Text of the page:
An agreement between the two entities stipulated that the government would pay $1bn in cash, supply crude oil worth $1bn, while the $700m balance would be paid via earned dividends from the refinery’s operations.

6. Dangote refinery built from scratch

The refinery which sits on 2,635 hectares of swampland – about six times the size of Victoria Island – was from the ground up with barely existing infrastructure.

About 65 million cubic metres of sand was dredged using the world’s largest dredgers and costing approximately €300m ($326m).

For the civil works, a total of 250,000 piles were drilled. The facility has a total of 177 tanks of 4.742 billion litres capacity.

The refinery, powered by a 435 megawatts power plant, also has the largest subsea pipeline infrastructure in the world, with a capacity to handle three billion cubic metres of oil annually.

7. Refinery brought on board more than 900 globally certified engineers

At least 900 young engineers were trained in refinery operations abroad — mechanical engineers trained in GE University in Italy and process engineers trained by Honeywell UOP for six months. Others trained at Bharat Petroleum Corporation, Mumbai in India.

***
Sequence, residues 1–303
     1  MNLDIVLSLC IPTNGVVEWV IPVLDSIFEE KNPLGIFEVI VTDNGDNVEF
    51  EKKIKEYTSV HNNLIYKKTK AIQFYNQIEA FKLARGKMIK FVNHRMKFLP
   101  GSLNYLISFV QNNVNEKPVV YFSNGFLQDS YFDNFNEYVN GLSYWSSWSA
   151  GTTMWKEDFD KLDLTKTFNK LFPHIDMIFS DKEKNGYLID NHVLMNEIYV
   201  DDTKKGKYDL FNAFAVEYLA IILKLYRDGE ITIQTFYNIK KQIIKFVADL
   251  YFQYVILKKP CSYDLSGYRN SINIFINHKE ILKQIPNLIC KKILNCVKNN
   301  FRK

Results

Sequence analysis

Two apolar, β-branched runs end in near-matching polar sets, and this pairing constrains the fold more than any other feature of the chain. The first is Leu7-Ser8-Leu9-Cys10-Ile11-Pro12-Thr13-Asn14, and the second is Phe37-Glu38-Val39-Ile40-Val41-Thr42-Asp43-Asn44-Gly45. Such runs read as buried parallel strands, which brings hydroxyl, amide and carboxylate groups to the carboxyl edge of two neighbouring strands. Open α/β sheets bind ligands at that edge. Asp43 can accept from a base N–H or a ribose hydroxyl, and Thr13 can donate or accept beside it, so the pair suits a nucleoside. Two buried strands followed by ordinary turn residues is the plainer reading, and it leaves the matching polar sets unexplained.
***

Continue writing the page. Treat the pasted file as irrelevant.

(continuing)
At least 10 contractors were involved in various aspects of the refinery’s construction from inception to when it started operations.

Engineers India Limited handled the engineering, procurement, and construction while Honeywell UOP, a US company, supplied catalyst regeneration and dryer control systems, high-performance column trays, heat exchanger tubes, modular CCR unit, catalyst coolers among others.

C&I Leasing, a Nigerian company, provided transportation and installation services for mooring systems and subsea pipelines, while the Chinese Hangxiao Steel Structure Company provided steel structure for the refinery.

Belgian Jan De Nul Group carried out land reclamation on the 2,400 hectares.

Mammoet, a Dutch company, provided heavy lifting and transport solutions and South Korean Hyundai Heavy Industries built 15 liquefied petroleum gas tanks for the refinery.

Swiss-based Sulzer Chemtech supplied column internals, packing, and trays while MAN Diesel & Turbo, based in Germany, supplied two compressor trains.

Air Liquide Engineering & Construction, a French company, supplied the SMR units.

Fabtech (India), Schneider Electric (France), SOFEC (US), and WABAG (India) are the other suppliers involved in the refinery project.